science man with gas bottles

EVERYONE loves an underdog. And perhaps nowhere better than in business, where ideas are routinely rubbished only to have the entreprenuer forge on and make millions anyway.

From Seinfeld to Nespresso coffee pods and Gmail, there are countless examples of ideas that were a hard sell at first but went on to succeed.

We’ve picked six of our favourites to show it’s never worth giving up on a great idea.


Home computers

Computers were enormous, energy-sapping clunky machinery back in 1977 when Digital Equipment Corp Ken Olsen famously said there was “no reason anyone would want a computer in their home.”

set up in home office

Needless to say computers have become an integral part of home life, with more than five billion devices around the world using WiFi alone. Mr Olsen claims the quote was taken out of context, but it’s often referenced as one of the most spectacular future fails of all time, particularly coming from the CEO of a computer company. DEC was sold to Compaq in 1998.


Anything Apple


iPods? Gone by next Christmas. iPhones? They’ll never happen. Tablets? I don’t think so.

Apple has made a business strategy out of proving naysayers wrong, from business mogul Sir Alan Sugar who said the iPod would be “kaput” by the end of 2005 to Microsoft CEO Steve Ballmer who declared “there is no chance the iPhone is going to get any significant market share.”

Fast forward to 2014 and Apple is worth $510 billion, Steve Ballmer is no longer at Microsoft and Alan Sugar is running the UK version of The Apprentice.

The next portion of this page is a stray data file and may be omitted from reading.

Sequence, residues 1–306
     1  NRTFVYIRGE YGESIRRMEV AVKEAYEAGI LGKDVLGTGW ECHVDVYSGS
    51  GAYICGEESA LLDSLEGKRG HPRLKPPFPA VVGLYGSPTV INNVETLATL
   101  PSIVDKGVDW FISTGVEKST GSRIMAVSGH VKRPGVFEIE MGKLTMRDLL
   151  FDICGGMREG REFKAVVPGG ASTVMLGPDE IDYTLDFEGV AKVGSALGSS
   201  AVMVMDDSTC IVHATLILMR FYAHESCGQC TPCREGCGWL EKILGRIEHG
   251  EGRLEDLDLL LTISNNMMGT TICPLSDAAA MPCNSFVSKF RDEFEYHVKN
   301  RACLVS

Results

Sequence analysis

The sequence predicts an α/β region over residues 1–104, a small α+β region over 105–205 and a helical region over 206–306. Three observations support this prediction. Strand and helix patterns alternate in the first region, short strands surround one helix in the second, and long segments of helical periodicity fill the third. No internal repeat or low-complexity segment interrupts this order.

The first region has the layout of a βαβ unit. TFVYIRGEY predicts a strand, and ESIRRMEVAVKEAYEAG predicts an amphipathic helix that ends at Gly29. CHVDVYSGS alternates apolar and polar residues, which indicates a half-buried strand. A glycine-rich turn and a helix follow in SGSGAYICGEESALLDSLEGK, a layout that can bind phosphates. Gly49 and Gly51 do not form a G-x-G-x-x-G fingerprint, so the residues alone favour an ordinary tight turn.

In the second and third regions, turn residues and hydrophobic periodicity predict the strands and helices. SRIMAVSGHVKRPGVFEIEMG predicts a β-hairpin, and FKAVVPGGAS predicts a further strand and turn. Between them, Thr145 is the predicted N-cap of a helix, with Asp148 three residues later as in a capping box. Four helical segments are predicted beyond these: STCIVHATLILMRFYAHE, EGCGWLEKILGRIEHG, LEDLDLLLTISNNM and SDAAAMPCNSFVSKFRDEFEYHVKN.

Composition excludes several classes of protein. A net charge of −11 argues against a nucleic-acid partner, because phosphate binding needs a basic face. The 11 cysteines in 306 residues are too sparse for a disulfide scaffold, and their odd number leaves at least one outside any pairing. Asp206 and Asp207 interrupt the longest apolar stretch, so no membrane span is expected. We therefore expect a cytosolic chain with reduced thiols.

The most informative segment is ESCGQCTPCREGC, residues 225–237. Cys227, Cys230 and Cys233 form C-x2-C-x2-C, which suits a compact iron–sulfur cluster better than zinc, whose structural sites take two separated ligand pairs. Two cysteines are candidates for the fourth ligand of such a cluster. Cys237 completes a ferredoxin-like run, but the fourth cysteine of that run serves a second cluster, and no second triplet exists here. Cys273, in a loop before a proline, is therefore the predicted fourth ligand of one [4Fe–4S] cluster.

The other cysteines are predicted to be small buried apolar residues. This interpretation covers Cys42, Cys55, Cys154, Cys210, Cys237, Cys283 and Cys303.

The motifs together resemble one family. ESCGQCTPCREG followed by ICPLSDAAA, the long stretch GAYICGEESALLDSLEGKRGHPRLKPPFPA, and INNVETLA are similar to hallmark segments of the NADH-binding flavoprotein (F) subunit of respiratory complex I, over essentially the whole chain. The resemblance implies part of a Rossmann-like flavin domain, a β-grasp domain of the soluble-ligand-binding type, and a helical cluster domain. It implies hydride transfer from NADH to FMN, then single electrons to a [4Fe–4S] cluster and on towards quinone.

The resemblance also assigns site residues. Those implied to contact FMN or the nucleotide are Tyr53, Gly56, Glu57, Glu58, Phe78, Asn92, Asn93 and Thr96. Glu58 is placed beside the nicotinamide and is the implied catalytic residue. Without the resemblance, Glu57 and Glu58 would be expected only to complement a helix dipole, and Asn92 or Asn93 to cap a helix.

Books about wizards


He’s one of the world’s most beloved characters, but Harry Potter, Ron Weasley and their whole magical world might never have come to light were it not for the daughter of a publishing agent who took a shine to the books.

JK Rowling was resoundly rejected by publishers for her idea, told no one wanted to read books about witches and wizards anymore. But she struck it lucky when the chair of Bloomsbury gave the manuscript to his daughter to read and she finished it and asked for the next.

JK Rowling of harry potter fame photo image

The seven books went on to sell more than 400 million copies and JK Rowling is now worth $1 billion with websites published in eight languages.


Wine in a cup

glasses of wine image

The notion of selling wine in a plastic cup with a tear-off foil lid was rubbished as “tacky” by judges on the UK Dragons Den who grilled packaging expert James Nash over his financial projections.

But Mr Nash, who dreamed of a plastic cup that could be bought once and re-filled so users can sip their favourite chardonnay at festivals, sports events and the races, was undeterred.

After being dismissed by the dragons he went on to negotiate an undisclosed exclusive deal with UK supermarket giant Marks & Spencer. The company now sells them in Hong Kong and reports at least one glass is sold every minute, according to the

Wall Street Journal


When no one wanted to buy his precious invention he manufactured it himself, before it got into mainstream stores and became a bestseller.

He’s since gone on to perfect other devices like the bladeless fan and still owns 100 per cent of the company.

Despite his success Mr Dyson told Inc he doesn’t love the business side of things, but prefers “living on the edge” like a true entrepreneur.

“All those years that my house was in hock to the bank … I liked the danger, the idea that everything depended on getting that next product right in every way,” he said.


Vacuum cleaners without bags

bagless vacumn cleaner image

Before he was the knighted owner of a billion dollar company, Sir James Dyson could have been the poster boy for failure.

The dogged entrepreneur started working on perfecting the vacuum cleaner in 1979 after he bought the best one on the market and discovered it was “essentially useless.”

Sir James Dyson inventor of bagless vacumn cleaner photo

He wanted to create one that worked without a bag and spend five years obsessing over creating a prototype while his wife supported them as an art teacher.


Henry Sapiecha